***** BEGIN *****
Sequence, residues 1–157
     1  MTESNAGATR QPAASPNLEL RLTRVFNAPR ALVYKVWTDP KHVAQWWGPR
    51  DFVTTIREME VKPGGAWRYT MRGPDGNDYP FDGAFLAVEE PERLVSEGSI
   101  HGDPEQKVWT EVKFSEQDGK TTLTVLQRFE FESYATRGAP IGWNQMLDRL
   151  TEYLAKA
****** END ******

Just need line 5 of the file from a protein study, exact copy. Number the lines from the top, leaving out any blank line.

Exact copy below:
   151  TEYLAKA